Public funding for decarbonisation should support this new vision and should be allocated to fishing operators following environmental and social criteria.

During the webinar, some key points were highlighted:

  • Decarbonisation should mean not just lower GHG emissions, but also fewer ecosystem impacts with precise environmental and social criteria for allocating public funding;
  • Financial measures to decarbonise the fishing fleet will be more expensive and less effective unless fishing stocks are restored and unless subsidies in the form of fuel tax exemptions are removed

While decarbonisation of the EU fishing fleet will play a relatively small role in lowering overall global GHG emissions, it must go hand in hand with a more profound fisheries reform to establish a fit-for-purpose 21st century fisheries sector future proofed against global warming and associated climate change impacts, compatible with Blue/Green Economy development, supporting decent livelihoods and providing socio-economic benefits in coastal communities.

ClientEarth is concerned that the fisheries sector will use decarbonisation as a mere opportunity to request more funding, in particular for the building and acquisition of new fishing vessels – without having established a broader vision of what the future of fisheries and decarbonisation should look like. For a sector that is completely dependent on fish stocks which it has overfished for decades, it is important that the type of fishing, their broader impacts on the marine environment and the number of fishing vessels active are part of the decarbonisation equation.

Following the Roadmap

We believe the European Commission’s roadmap should lay out several phases of implementation and should start with the implementation of measures that can reduce fossil fuel consumption now, without requiring major investments or major changes in the structure of the fishing vessels such as measurement of fossil fuel consumption on board, use of battery for ancillary engines, additional propulsion systems such as wind propulsion, increased gear selectivity, and measures to reach more targeted fishing so that stocks are not depleted. Alongside these immediately available measures, training for fishers should be a priority for them to understand the role that they can play in driving decarbonisation.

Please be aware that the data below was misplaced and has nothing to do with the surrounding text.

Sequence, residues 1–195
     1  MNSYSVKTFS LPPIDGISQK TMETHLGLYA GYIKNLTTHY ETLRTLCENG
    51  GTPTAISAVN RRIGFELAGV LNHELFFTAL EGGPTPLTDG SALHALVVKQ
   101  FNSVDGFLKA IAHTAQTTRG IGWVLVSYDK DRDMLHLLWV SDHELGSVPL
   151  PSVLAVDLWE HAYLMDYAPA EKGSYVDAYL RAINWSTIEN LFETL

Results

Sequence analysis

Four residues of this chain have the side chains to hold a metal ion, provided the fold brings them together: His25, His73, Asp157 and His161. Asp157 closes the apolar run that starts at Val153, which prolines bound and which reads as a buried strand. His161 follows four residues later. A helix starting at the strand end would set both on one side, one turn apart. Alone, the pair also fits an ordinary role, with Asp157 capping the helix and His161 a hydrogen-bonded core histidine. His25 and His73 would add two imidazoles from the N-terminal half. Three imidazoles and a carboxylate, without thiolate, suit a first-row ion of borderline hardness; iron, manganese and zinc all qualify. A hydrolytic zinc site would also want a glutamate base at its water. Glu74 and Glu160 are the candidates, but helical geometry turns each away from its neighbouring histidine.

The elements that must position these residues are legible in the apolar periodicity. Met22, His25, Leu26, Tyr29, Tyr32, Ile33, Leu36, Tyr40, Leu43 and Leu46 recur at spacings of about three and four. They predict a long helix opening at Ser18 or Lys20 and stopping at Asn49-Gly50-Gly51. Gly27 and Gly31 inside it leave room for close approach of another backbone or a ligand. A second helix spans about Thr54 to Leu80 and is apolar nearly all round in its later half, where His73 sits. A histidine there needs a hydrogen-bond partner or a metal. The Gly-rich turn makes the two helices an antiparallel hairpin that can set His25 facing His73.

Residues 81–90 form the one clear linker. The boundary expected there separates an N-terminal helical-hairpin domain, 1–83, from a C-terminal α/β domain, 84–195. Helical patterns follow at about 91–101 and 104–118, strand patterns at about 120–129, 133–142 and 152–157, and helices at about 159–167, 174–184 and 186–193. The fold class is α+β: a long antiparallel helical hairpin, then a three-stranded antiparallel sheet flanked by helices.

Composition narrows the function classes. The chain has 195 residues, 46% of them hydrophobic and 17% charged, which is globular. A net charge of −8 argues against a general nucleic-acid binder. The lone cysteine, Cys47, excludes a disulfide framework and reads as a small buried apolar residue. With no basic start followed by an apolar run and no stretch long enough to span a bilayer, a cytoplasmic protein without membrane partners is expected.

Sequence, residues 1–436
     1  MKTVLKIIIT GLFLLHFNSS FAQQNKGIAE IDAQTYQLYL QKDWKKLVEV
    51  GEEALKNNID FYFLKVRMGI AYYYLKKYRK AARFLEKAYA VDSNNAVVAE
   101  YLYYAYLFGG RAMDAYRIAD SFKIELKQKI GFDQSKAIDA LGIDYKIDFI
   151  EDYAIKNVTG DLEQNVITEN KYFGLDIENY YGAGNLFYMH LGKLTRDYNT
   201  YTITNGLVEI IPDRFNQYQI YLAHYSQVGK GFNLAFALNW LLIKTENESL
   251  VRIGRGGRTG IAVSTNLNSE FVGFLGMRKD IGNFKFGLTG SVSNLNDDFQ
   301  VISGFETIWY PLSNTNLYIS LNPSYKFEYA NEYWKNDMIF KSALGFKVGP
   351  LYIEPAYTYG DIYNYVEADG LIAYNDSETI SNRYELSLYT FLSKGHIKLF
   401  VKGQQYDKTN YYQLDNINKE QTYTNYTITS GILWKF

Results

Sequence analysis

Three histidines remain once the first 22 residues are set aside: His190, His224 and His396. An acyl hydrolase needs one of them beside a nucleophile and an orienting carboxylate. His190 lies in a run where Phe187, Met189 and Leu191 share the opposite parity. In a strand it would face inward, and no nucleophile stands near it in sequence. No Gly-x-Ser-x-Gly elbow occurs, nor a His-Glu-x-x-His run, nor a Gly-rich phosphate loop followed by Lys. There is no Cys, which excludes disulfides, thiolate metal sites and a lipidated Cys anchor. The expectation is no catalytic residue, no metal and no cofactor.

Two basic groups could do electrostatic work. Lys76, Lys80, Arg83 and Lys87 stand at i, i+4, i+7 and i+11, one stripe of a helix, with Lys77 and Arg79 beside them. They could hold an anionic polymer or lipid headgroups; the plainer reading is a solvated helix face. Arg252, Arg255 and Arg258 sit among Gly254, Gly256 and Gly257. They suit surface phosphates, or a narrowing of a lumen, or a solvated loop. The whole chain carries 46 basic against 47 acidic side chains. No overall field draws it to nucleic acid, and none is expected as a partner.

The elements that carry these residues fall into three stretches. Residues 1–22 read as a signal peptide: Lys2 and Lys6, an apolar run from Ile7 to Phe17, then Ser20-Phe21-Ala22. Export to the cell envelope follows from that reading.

The first discussions during the workshop on financing decarbonisation of the fisheries sector on November 28, organised by the European Commission, mainly revolved around the inbuilt financing limitations of the European Maritime Aquaculture and Fisheries Fund (EMFAF) that do not allow for construction of new fishing vessels. In our view, the question should rather revolve around the priorities of the energy transition to decide what should be financed with the available funds. It would also be good to identify what funding should be used for. During the workshop, we observed a lack of big-picture vision for the future of EU fisheries. Some nice projects were presented, but there was limited clarity on the path forward, and where we want to get to.

During the second part of the discussions, it became even more apparent that we cannot talk about medium- to long-term financing objectives without thinking about the fisheries sector that we want for Europe. Leading an energy transition means thinking about how we fish, what we fish, for whom, how we eat and who is at the core of these activities, from extraction of fish to processing and retailing of fish, as well as what is their environmental and social footprint. Designing a roadmap for the energy transition will require decision-makers and stakeholders to have this broader but essential discussion – and we are looking forward to the next steps of the process.

 Author: Flaminia Tacconi, Senior Lawyer at ClientEarth

[email protected]